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I put it on the engine and started running the wires through looms and then spark plug boots and attaching them. One side is done and so am I for tonight. I will finish it tomorrow.

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Oh, I painted the mid coat on the fender/chassis and also the accent color on hte body and hoods. They are drying now so no pics. Tomorrow night if body is cured I will mask it and paint the rest. 

Stay tuned.

Edited by mrm

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This is going to be a very cool rod when it is done.  That carpet effect is very convincing.  But yeah, I know what it's like when you get engrossed in a project and suddenly notice your back and your eyes are screaming at you.  Gotta listen to your bod!

Cheers

Alan

Edited by alan barton

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I really like the look of this, from your start with those perfect wheels ... just my kind of car. Progress has been fantastic!

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Hi!

Great choice of colors for the interior. Your "sources" are clever. You may also use the textured paint for Hartzcloth type convertible roofs. The trick is to spray it from about 18", so only the lighter particles reach your painted surface. Flat clear then dulls it in a convincing way. 

Some modelers also use that paint (grey-black variety) to reproduce asphalt in dioramas. 

Keep-on working late...

CT

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John, Mike, Claude and Oliver, thank you all.

Weekends are for family, so not much to show. 

Just a quick mock up, while paint is curing, so it can be cleared. 

Zb5k8J.jpg

 

Edited by mrm

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On 10/13/2019 at 9:24 AM, Cpt Tuttle said:

Tasteful colour combo and nice finish.

Thank you Mattias.

 

So about the colors, I ran in some unexpected delay. Everything was primed with Tamiya primer. The lighter base color was Tamiya Copper, sprayed through my airbrush after decanting from the spray can without reducing it. The darker base color was Tamiya metallic black, applied the same way. The mid coat is Cinnamon candy pearl from PPG applied over everything. The dark parts got almost rock hard in no time, while the parts with copper on them took for ever to cure. I had to redo it once, because after more than 48 hours curing time, when I tried to mask the light part to spray the top half, the masking tape was not lifting the candy, but scoring the finish with its edges. I have no clue why this was happening, since it is the same paint manufacturer with the same primer with the same top coat, all shot the exact same way.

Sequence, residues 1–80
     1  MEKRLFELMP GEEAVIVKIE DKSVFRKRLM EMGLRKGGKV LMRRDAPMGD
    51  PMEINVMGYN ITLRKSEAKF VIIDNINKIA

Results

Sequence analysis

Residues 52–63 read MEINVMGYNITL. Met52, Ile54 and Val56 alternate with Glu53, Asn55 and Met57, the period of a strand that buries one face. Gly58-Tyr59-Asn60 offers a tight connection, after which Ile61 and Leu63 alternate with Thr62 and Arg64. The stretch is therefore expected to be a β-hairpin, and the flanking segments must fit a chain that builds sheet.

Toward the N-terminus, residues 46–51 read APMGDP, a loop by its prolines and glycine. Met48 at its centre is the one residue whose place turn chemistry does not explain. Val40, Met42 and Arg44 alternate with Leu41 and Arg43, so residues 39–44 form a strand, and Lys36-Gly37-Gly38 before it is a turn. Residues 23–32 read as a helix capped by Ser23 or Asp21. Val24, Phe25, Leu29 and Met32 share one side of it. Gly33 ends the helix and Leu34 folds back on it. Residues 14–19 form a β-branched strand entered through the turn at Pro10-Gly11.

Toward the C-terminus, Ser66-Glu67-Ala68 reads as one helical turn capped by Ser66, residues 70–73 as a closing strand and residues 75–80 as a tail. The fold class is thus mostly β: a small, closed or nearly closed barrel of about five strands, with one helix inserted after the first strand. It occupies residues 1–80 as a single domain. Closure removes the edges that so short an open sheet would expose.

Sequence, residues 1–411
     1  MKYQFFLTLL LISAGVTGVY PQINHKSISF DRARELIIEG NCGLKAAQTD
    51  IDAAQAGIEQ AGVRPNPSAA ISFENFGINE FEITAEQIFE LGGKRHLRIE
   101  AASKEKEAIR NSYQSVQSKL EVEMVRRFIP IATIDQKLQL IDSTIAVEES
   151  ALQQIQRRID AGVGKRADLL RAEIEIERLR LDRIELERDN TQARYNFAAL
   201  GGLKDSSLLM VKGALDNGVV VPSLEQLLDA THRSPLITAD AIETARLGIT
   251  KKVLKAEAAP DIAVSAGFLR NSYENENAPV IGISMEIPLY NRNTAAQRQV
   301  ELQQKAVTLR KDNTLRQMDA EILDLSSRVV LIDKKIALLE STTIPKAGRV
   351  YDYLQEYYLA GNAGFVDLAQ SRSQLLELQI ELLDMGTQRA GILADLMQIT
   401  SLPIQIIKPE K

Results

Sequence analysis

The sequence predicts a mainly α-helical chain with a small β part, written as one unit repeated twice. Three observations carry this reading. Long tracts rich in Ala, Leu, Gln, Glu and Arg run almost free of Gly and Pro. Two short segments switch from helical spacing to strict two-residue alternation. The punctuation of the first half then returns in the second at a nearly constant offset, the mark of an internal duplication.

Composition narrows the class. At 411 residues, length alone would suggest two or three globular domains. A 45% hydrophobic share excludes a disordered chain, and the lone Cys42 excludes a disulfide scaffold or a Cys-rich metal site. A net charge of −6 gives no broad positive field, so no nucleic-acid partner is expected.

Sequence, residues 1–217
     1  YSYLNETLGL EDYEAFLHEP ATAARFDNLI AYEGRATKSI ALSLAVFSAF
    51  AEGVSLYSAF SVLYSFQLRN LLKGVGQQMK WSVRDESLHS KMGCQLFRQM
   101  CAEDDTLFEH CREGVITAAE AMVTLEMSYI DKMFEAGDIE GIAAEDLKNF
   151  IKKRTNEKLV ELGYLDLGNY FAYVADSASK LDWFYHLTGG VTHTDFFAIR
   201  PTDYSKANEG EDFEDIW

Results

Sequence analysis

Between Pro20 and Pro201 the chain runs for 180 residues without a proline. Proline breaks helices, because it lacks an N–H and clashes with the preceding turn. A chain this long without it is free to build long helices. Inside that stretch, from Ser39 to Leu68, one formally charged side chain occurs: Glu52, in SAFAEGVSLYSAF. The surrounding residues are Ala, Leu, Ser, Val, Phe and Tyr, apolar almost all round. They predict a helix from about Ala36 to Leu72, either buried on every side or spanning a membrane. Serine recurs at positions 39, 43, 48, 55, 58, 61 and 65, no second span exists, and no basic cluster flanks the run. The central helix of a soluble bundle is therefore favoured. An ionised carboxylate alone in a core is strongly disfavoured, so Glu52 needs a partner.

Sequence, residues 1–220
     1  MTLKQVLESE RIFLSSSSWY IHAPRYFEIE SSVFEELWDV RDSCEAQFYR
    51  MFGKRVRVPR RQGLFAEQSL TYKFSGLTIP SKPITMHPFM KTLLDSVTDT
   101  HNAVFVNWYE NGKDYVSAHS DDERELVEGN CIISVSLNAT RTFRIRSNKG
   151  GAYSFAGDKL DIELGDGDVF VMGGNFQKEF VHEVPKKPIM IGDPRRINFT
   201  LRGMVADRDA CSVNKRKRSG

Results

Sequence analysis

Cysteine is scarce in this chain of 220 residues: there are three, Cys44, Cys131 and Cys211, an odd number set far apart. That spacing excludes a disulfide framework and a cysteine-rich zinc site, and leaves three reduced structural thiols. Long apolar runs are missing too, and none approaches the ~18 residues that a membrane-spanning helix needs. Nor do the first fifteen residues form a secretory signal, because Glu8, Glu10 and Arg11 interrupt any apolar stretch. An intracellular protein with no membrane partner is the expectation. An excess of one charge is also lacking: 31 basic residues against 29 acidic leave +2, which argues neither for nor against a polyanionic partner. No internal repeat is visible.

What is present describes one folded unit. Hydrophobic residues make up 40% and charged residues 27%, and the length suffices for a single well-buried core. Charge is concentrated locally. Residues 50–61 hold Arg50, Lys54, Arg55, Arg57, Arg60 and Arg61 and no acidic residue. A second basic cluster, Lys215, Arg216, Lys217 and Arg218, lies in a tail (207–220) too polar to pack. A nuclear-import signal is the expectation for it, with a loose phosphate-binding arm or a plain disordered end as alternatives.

Anyway.....After sanding and  redoing the body I left it for quite some time to dry and I think it is ready for some clear coat.

Final mock up. to make sure everything fits fine, before getting clear coated. 

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While the clear is drying I added some photoetched bolt detail to the drivetrain.

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So, few minor setbacks.......

I don't like painting the Revell's '32s rear end separate from the rear radius rods. I usually glue them on the rear axel wile using a spare frame as a jig. Then I mask the chrome I want to remain with liquid mask and then paint everything together. It creates a much nicer finished assembly. Well, I forgot to do this (been a wile), so I did a second rear end, going through primer > copper > cinnamon candy > clear again. I am not going to bore you with pictures.

The other set back is, that I won an fleabay auction for some Detail Master aluminum wheels. I remember those from over 20 years ago and always liked them but our days they are almost impossible to find. Sure enough, as soon as I received them I had to build them. And then the kids and the wife said that they have to be the wheels for the Family Deuce. On top of that, they came with a second set, which I also HAD TO build, which in turn created a third Deuce project. 

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Stay tuned and thanks for looking.

 

Edited by mrm

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I liked the wheels that were under the fenders on earlier photos but I always wanted to have a set of these Details Master wheels and I'm pretty sure they will look cool on the deuce, too! Model on, can´t wait to see it finished!

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Thank you both gents.

There was an auction on fleabay from some lady in NYC (I believe) that was under a weird section. There were four sets of Detail Master wheels and one set of JPS machined wheels. I got them all. I don’t think the lady knew what she was selling, as I got all five sets of wheels for something like $50.